What would Amelia Earhart drive? If she were alive today, she might be keen on getting behind the wheel of a Nissan Leaf or Chevy Volt, figures Jim Motavalli of the New York Times.

Setting aside the fact that airplanes use tremendous amounts of fuel, Motavalli collected anecdotal evidence that lots of today's pilots are big plug-in vehicle fans. The first Volt was delivered to Jeffrey Kaffee, a retired airline pilot in December, 2010. The president of Plug In America, Dan Davids, is also a pilot. Motavalli found plenty more examples, and the tie that binds them together is a desire to be efficient with their transportation energy – even if it doesn't reach everyone who sits in a cockpit. As Davids told Motavalli:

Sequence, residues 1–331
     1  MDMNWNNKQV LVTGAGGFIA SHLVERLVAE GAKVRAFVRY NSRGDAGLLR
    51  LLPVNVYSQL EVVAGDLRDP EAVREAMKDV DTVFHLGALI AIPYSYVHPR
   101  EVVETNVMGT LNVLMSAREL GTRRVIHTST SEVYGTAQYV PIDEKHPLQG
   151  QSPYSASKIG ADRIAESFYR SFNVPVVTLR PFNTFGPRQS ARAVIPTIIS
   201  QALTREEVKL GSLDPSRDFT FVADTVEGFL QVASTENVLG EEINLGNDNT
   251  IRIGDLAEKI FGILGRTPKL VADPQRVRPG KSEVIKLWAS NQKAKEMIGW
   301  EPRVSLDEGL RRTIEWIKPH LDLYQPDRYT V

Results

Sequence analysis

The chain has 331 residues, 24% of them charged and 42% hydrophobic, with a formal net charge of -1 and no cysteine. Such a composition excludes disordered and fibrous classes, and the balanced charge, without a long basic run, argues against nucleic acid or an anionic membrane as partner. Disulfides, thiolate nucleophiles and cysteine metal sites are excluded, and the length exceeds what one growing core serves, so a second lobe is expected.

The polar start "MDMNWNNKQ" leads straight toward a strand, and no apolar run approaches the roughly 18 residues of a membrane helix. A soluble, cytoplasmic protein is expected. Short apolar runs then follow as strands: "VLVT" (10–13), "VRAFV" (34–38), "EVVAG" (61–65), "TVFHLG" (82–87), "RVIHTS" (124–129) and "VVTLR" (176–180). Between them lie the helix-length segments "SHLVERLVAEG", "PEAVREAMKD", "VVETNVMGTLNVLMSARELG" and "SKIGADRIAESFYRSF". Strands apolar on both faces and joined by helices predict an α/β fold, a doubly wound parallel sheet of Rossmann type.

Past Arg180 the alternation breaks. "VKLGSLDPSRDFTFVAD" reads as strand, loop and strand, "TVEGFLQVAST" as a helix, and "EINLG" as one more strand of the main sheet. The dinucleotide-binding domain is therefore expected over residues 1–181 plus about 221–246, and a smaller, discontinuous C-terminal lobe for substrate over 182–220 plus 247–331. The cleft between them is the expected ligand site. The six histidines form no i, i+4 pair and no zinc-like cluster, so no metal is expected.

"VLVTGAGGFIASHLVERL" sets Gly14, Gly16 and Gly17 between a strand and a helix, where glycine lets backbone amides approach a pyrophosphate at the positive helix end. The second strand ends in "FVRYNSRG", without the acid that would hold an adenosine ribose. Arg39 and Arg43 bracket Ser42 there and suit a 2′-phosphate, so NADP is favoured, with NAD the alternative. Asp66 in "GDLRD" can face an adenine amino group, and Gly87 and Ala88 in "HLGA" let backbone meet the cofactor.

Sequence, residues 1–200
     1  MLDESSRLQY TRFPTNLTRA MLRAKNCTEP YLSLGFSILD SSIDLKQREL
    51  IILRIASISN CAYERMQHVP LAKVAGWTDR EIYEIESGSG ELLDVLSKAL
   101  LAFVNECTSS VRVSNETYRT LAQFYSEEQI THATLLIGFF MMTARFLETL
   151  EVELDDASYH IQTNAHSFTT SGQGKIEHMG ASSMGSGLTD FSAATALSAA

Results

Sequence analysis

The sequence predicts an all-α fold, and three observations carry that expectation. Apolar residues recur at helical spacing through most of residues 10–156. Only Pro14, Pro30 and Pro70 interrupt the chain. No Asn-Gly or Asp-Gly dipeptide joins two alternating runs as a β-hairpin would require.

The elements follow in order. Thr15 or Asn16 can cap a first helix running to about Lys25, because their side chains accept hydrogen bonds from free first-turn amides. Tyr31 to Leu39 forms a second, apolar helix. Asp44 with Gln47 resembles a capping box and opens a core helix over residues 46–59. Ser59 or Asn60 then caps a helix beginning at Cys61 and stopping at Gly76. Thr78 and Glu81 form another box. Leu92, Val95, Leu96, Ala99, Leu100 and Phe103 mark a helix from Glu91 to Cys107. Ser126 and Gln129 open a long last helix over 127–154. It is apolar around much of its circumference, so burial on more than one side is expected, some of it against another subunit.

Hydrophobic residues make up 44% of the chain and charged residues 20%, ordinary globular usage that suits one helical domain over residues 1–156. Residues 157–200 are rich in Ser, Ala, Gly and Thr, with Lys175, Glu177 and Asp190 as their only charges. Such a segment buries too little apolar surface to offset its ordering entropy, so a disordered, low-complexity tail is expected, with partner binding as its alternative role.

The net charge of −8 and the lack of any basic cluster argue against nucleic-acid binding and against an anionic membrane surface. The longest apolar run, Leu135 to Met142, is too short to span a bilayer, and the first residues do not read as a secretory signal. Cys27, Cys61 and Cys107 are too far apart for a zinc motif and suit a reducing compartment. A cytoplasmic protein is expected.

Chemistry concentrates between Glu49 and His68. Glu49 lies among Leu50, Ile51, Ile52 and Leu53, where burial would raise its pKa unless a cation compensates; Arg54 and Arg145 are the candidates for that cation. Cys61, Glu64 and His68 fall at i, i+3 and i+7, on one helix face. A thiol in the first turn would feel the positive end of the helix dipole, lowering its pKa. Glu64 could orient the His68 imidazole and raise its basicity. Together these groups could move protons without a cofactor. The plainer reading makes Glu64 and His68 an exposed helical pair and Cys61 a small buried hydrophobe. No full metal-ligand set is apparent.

If you're a pilot, why wouldn't you want any kind of transportation equipment you operate to be as efficient as possible? It amazes me when a pilot is fastidious about saving money and fuel while in the air, but then arrives back at the airport and climbs into a Chevrolet Suburban to drive home. They should know better.

The pilots Motavalli interviews are also big fans of knowing exactly how much energy they have in their packs, and trying to squeeze as many miles from those electrons as possible. This all makes sense. After all, the Wright Brothers got their start in a bicycle shop, didn't they? Those two wheelers are the most efficient vehicle known to man.


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